Meet Tom Thorne Developing a character Scars A man without a face Thorne on screen Good cop bad cop The Tom Thorne novels
Tom Thorne's music It don't mean a thang Coming in the air The Smiths Music to die for Thorne's favourites
Tom Thorne's music

 

Abstract lightbulb with music notes

Music to die for

Last year, BBC Radio 4 made a series of programmes about the way crime-writers use music in their fiction. Presented by Ian Rankin, it featured a wide variety of writers, including myself, alongside the likes of James Lee Burke, John Connolly, George Pelecanos, Robert Crais, John Harvey, Michael Connelly, Karin Slaughter and Jim Sallis. We each talked about our own musical tastes and the way in which the music in our novels reflected our characters’ state of mind. Music can also create atmosphere, or can be used to work against it. It can be a soundtrack to action or a counterpoint to it. And of course, it can be a handy shortcut; a few lines of a particularly emotive song being able to say much more than a page or two of purple prose.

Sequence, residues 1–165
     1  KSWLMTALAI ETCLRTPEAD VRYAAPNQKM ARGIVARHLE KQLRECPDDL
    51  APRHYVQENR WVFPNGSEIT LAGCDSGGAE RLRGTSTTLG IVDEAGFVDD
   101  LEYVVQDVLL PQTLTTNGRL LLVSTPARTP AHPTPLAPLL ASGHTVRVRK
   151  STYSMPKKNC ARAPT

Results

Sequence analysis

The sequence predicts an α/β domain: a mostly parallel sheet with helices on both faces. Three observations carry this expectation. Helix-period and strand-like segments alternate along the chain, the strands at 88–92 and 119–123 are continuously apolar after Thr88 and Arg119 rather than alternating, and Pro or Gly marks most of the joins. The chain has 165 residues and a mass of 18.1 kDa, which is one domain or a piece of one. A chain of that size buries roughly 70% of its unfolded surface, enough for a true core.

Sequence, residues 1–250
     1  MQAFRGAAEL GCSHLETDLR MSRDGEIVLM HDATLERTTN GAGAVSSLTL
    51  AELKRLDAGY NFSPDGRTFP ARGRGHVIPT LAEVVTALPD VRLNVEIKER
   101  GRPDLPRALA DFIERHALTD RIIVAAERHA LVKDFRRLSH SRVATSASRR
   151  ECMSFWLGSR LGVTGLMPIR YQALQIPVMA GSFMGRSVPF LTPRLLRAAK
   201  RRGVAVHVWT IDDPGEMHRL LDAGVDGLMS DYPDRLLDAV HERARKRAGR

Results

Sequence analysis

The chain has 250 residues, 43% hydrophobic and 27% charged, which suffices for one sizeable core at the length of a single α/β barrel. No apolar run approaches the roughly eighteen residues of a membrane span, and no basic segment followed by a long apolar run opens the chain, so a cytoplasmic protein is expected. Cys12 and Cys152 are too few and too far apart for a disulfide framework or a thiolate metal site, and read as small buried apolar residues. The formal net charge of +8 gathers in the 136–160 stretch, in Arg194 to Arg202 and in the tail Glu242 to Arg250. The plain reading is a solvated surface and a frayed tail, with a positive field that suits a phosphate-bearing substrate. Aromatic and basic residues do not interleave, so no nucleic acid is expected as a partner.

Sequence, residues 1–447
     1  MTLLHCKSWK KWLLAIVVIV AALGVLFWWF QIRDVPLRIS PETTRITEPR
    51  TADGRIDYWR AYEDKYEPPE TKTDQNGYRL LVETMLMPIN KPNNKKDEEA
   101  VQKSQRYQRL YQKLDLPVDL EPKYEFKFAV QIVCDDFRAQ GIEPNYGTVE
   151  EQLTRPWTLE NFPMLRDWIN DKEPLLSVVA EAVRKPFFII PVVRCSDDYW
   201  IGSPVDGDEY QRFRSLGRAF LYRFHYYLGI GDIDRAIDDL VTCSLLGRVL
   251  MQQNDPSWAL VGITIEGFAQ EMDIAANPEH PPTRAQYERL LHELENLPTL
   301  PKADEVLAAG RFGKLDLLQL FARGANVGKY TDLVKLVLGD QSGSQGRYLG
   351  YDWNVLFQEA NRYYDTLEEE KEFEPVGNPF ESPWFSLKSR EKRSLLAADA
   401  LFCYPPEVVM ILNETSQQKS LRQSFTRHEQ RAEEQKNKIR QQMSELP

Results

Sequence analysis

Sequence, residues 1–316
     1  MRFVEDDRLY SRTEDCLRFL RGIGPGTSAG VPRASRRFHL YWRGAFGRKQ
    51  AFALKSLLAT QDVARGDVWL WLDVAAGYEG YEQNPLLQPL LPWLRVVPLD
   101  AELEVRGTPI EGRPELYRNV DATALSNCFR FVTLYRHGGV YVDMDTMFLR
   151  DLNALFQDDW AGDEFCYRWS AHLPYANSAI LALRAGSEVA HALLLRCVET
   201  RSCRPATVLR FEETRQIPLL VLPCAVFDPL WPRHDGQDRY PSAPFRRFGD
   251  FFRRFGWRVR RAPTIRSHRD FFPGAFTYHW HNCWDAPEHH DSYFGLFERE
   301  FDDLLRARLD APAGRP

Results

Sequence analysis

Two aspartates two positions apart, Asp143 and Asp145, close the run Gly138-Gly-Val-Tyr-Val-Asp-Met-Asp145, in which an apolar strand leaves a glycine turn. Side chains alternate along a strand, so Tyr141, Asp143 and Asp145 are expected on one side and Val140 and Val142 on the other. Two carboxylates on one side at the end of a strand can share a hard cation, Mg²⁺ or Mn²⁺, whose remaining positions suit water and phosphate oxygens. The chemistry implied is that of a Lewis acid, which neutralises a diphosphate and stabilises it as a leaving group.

These days, it is not uncommon for crime-writers to give away CDs along with their books, the songs acting as a soundtrack to the novels. And now it seems that musicians are doing the same thing in reverse; finally repaying the compliments paid them by a host of writers who have spent years name-checking them in their books. Ian Rankin, George Pelecanos and others are collaborating with bands and songwriters; artists who can see that when it comes to a certain sort of dark storytelling, music and crime fiction share a good deal of common ground.

I’m still waiting for Morrissey to call.

Click to listen to an excerpt from Music To Die For:
Programme One.  
Click to listen to an except from Music To Die For:
Programme Two.

Mark Billingham home